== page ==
In recent weeks, we’ve had some potential stem cell donors back out after they’ve been matched to a recipient, which is concerning. There has been no risk associated with donating stem cells at our collection hospitals during the COVID-19 pandemic. Donating stem cells in Canada continues to be safe for our donors. We remain committed to ensuring that you, as a donor, have a safe, efficient and rewarding experience.

The safety of recipients is also a top priority. That’s why all prospective donors are carefully screened for any symptoms of illness, including very mild ones. As such, our recipients can continue to rely on the safety of the cells they receive through the generosity of committed stem cell donors.

The Canadian Blood Services Stem Cell Registry works with a network of other registries all over the world. Are we seeing global impacts on stem cell donation and transplantation?

With borders closing and flights being cancelled, it has become more challenging to get stem cells from international donors into Canada. This means that patients in Canada are becoming more reliant on Canadian donors. Also, since we can no longer rely on registries in other countries for the stem cells needed by our diverse Canadian population, the current situation also underscores the need for ethnic diversity in our own Canadian Blood Services Stem Cell Registry.  

We’re seeing the same issues in reverse for Canadian donors whose stem cells might be needed for international patients. It’s become really hard to get our product to recipients outside of Canada, even if they’re just across the border in the United States.  

A lot of people are feeling pretty helpless right now. Is there anything Canadians can do to help out in terms of the stem cell program?

If you’re between the ages of 17 and 35, sitting at home and wondering what you can do to help during this time of pandemic, the answer is easy: join the Canadian Blood Services Stem Cell Registry by registering online today. We expect to see transplant centres in Canada turning more to Canadian donors to help save the lives of patients who need stem cell transplants. To meet this increased demand, we need more healthy Canadians, between 17 and 35 years of age, to register online to have a swab kit delivered by mail.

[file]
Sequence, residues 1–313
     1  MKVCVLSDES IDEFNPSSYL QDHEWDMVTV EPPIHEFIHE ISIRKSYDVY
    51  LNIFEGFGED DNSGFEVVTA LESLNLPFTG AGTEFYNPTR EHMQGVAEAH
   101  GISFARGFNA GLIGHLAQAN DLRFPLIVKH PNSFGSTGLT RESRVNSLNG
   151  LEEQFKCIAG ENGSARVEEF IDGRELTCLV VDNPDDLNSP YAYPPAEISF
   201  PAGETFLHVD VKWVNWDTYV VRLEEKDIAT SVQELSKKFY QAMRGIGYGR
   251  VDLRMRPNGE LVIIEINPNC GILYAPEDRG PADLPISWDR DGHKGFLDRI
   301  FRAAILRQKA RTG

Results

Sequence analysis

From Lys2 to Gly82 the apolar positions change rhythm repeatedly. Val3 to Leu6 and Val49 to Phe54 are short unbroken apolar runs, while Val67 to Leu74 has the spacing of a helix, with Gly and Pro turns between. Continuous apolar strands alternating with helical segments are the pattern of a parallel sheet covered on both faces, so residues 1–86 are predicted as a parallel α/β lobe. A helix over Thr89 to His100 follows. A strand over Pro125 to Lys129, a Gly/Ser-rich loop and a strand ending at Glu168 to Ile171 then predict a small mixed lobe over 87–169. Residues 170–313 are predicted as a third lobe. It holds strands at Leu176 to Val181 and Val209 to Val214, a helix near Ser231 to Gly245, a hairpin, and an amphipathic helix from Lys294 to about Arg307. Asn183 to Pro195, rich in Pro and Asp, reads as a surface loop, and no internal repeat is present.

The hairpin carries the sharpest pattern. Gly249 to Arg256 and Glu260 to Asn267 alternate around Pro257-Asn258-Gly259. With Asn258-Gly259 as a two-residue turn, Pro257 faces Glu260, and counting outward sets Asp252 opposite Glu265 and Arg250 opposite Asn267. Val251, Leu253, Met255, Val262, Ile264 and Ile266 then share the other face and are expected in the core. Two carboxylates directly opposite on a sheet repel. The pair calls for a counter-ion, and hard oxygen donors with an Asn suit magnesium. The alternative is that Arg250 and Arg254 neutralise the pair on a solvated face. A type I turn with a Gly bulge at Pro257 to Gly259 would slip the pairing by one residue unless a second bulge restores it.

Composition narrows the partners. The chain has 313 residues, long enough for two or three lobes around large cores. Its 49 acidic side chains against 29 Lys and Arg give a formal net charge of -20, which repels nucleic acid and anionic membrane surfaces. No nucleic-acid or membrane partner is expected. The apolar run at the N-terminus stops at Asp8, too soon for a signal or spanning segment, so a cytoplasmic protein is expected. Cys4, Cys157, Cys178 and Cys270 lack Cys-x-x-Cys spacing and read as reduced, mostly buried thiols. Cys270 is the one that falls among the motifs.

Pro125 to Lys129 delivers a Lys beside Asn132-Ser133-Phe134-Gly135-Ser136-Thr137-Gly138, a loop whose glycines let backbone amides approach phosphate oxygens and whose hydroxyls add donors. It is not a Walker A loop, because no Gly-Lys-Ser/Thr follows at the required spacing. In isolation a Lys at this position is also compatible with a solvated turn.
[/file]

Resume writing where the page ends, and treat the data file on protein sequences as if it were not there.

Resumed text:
We also need people to spread the word about the lifesaving impact of stem cell donation. And of course, we still need blood donations from those who are able to give. Sustained blood donations will be essential over the course of this global pandemic.  

Who’s the ideal stem cell donor? 

We’re looking for donors between the ages of 17 and 35.  

Within this age group, we’re looking for donors from all kinds of ancestral backgrounds. Patients of diverse ethnic or mixed-race backgrounds often face more difficulty in finding a suitable donor, and we want to change that. For example, these days, patients of European descent have a 75 per cent chance of finding an optimal donor, whereas patients of black African descent have only a 16 per cent chance.  

With borders closing and transportation options greatly reduced, we’re becoming more dependent on Canadian donors, and more than ever we need our registry to reflect Canada’s diversity.